administration defended itself and claimed that there was no connection between my firingand my public stance against Mr. Shamir.
2.Repression at State University of New York at Binghamton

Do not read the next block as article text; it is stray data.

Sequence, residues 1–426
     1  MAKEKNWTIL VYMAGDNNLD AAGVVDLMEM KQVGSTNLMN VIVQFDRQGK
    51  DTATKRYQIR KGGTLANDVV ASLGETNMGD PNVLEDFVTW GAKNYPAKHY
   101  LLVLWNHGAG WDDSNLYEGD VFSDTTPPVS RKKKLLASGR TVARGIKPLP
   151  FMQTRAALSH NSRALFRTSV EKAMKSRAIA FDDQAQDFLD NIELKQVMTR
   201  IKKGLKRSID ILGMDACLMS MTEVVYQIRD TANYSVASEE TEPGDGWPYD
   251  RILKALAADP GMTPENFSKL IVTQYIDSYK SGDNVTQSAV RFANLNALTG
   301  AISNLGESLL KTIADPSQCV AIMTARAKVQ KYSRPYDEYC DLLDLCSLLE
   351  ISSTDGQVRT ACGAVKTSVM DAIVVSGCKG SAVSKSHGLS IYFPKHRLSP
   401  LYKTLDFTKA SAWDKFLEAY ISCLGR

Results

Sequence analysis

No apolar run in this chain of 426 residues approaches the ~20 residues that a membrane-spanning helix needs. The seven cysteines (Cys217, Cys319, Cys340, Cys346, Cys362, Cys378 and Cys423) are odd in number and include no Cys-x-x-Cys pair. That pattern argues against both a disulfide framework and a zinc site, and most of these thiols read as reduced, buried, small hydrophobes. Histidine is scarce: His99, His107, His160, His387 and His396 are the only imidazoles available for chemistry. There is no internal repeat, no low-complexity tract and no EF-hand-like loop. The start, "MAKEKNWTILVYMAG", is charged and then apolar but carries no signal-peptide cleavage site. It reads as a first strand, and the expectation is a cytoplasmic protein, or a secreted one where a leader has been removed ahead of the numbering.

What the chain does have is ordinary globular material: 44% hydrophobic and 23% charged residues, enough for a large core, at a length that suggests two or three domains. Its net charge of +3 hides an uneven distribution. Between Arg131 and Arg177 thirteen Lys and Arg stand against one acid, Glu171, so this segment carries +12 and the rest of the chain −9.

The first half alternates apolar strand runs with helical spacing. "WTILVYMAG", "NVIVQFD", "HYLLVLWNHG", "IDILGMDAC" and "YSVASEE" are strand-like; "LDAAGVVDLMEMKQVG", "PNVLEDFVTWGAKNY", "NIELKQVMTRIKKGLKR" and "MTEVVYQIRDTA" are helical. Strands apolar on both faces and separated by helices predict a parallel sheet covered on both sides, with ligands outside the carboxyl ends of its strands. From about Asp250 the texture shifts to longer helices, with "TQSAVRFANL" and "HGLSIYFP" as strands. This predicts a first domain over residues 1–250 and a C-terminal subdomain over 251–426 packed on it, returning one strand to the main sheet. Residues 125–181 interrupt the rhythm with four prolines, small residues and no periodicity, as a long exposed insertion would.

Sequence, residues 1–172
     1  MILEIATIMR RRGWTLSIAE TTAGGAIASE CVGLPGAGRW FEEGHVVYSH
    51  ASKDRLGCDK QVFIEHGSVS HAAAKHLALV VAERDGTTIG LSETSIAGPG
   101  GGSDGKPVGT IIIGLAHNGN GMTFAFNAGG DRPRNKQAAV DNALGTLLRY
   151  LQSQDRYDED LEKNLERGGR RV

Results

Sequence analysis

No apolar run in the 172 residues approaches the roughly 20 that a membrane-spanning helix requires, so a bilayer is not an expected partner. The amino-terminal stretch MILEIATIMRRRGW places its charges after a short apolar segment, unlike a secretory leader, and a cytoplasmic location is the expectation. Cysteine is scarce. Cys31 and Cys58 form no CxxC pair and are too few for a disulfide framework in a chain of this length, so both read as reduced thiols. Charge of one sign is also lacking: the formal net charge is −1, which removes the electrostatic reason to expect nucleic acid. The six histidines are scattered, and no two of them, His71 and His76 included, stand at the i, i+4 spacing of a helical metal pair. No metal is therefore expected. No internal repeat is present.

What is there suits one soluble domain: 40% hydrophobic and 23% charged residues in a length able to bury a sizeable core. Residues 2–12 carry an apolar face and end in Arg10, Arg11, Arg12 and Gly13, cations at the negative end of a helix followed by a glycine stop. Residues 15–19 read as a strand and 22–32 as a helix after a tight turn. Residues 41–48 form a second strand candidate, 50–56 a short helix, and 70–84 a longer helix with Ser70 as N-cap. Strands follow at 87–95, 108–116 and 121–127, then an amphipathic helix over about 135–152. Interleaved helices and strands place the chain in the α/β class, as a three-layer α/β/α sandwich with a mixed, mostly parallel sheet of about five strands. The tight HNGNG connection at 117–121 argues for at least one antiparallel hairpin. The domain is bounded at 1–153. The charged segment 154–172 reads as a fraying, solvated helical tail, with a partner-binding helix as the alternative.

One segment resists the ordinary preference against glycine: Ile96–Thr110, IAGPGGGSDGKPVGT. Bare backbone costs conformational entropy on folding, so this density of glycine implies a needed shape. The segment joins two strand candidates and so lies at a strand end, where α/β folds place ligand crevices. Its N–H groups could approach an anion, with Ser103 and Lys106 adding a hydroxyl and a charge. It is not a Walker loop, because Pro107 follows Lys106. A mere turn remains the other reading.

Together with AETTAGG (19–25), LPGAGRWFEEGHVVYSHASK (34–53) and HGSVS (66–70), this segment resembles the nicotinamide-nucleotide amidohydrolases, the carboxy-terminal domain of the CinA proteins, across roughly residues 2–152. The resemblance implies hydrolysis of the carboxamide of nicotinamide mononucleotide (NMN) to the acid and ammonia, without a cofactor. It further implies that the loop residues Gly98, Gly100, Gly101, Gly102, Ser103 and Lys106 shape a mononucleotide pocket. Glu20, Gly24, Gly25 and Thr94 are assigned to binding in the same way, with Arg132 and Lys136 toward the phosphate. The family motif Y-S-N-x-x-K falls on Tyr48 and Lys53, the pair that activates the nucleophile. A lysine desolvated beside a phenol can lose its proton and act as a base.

Exactly ten years later, in 2002 I experienced a similar repression at State University of New York at Binghamton, also called Binghamton University, immediately after I published a letter in New York Times, titled “Israel and America out of step," which wascritical of Israeli Prime Minister Sharon for sending his tanks into a Palestinian refugeecamps in violation of UN and humanitarian laws, and for ignoring US president’s call towithdraw; my letter read as follows:“To the Editor:Regarding Prime Minister Ariel Sharon's defiance of President Bush's call for immediatewithdrawal from the Palestinian-controlled territories (front page, April 8):Unless the president is willing to jeopardize the prestige of the world's lone superpower, heshould proceed with the next logical step -- the cessation of all United States aid to Israel.Given the Israeli Government's callous disregard for the United Nations resolutions callingfor its withdrawal and its military assault without an iota of concern for civilian lives andwelfare, it is ethically and legally incumbent on President Bush to issue an ultimatum toPrime Minister Sharon to withdraw or face sanctions.KAVEH L. AFRASIABIBinghamton, N.Y., April 8, 2002The writer is senior associate, Center on Democratic Performance, SUNY at Binghamton."Little did I suspect that I would be starting a small brushfire on campus as a result of my brief publication. I was informed by the director of my research center, Edward McMahon,that he had been summoned to the office of president and grilled about me. Apparentlyquite a few Jewish alumni had threatened to stop their contributions to the university untilthey got rid of me – which they did in the middle of the semester, in direct breach of mycontract. This happened after I refused to meet with a delegation of Jewish organizationsat Binghamton who had laid a siege at the Center on Democratic Performance and through professor McMahon I simply reminded them that democracy means allowing what onedoes not want to hear. I then received a one line letter from the university informing methat my position had been terminated effective that date. The axe also fell on professor McMahon, who had the misfortune of authoring a joint article with me that appeared in theUN quarterly, UN Chronicle, around the same time and he too was terminated shortlythereafter, after years of employment at Binghamton. Needless to say, I found it odd that a university that prided itself as a liberal institution withstrong commitment to social sciences should behave so intolerantly toward a scholar whosimply heeded his responsibility, just as I had in other occasions, such as calling for inter-faith harmony the Middle East. Although I had ample ground to sue both Boston